There’s barely a moment’s silence on HEY WHAT, Low’s 13th full-length album in their nearly 30 years of existence. That’s because underneath the 10 songs on this record, there’s a constant, gentle, undulating noise that links almost all of them together. That subtle, soothing hum serves as a placid, peaceful, and portentous undercurrent to the melodies that weave, kindly but also menacingly, through it. In fact, there are moments—most notably on “Disappearing”, “Hey,” and “Days Like These,” tracks four, five, and six respectively—where these are less songs than they are manifestations of the frequency of existence. The latter track, for instance, fades into what appears to be silence, but turn the volume up enough and you realize it’s the sound of dead air, the heaviness of existence, the weight of the world. That then morphs into a track descriptively titled “There’s a Comma After Still” that’s essentially two minutes of static, which feels like the moment after death, everything and nothing all at once.

Yet while that dark and foreboding atmosphere is hard to ignore, at other times songs do manage to free themselves from it just long enough to assert themselves on their own terms. The dark, cold, and robotic pulse of the opener “White Horses” is the sound of an alternative future collapsing in on itself. That then segues seamlessly into the minimal “I Can Wait,” and the repeated chant of that title is the closest this record comes to an actual chorus—and a catchy one at that.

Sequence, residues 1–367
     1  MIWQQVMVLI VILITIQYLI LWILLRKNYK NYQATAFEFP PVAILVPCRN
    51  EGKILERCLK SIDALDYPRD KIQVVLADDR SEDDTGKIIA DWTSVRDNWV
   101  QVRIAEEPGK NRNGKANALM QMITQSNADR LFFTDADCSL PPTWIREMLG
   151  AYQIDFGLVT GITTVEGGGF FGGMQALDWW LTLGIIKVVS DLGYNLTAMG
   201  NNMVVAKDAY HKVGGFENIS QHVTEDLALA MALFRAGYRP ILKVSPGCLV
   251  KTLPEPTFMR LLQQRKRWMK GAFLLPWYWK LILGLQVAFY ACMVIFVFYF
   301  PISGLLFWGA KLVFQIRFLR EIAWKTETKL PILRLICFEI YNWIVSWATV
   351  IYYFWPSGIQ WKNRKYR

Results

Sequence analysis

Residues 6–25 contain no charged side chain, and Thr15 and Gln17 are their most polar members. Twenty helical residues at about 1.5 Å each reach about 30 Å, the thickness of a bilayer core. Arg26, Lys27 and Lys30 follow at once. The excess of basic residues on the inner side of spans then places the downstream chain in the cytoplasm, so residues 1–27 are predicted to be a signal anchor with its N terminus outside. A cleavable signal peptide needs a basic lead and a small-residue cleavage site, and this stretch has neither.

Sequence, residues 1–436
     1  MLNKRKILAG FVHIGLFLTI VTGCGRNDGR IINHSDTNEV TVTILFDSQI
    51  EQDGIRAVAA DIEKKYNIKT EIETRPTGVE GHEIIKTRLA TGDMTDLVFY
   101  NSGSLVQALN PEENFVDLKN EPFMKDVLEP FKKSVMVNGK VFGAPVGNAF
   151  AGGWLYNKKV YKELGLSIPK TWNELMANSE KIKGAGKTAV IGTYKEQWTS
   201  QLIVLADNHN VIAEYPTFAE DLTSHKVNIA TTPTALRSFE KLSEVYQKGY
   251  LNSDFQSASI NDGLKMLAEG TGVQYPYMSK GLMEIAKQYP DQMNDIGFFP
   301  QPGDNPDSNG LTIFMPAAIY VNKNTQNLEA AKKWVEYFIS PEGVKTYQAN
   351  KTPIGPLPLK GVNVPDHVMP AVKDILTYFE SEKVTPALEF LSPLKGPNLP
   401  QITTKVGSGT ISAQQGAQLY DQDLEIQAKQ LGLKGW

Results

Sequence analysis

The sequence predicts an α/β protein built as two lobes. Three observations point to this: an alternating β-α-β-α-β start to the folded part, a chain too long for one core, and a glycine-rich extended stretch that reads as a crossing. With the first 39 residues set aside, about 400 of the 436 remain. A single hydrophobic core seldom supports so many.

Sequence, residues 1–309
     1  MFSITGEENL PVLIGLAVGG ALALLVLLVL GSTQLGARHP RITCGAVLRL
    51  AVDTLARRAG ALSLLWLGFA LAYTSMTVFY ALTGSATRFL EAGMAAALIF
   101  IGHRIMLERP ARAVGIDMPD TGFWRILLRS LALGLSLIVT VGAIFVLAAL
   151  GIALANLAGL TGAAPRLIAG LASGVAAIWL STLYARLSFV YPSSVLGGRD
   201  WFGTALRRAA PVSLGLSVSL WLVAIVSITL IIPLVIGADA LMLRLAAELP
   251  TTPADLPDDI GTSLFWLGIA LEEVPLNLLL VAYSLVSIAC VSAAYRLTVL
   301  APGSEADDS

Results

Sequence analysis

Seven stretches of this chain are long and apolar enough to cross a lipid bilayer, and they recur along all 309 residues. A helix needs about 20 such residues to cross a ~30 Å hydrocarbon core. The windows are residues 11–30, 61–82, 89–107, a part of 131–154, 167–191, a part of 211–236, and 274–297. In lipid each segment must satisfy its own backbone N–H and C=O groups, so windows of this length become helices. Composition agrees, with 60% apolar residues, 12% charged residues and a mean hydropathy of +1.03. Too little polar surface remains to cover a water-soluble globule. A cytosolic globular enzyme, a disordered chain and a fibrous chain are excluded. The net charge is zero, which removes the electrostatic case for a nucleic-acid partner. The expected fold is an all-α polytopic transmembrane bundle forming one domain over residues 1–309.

Sparse and haunted, experimental and futuristic, HEY WHAT might lack the warm-but-downtrodden majesty of, say, Things We Lost in the Fire, but the cold, cruel world of this record is no less enthralling. That’s nowhere more the case than on the final track “The Price You Pay (It Must Be Wearing Off).” Meditative and hypnotic, it’s the perfect dystopian soundtrack, one that builds and builds and builds and builds to become increasingly apocalyptic, until the end of the world is bearing down in a series of disjointed, industrial, and discordant noises. And then, there it is: an actual moment of silence before the song’s coda kicks in, and the album ends—and the world, and our perception of reality with it.


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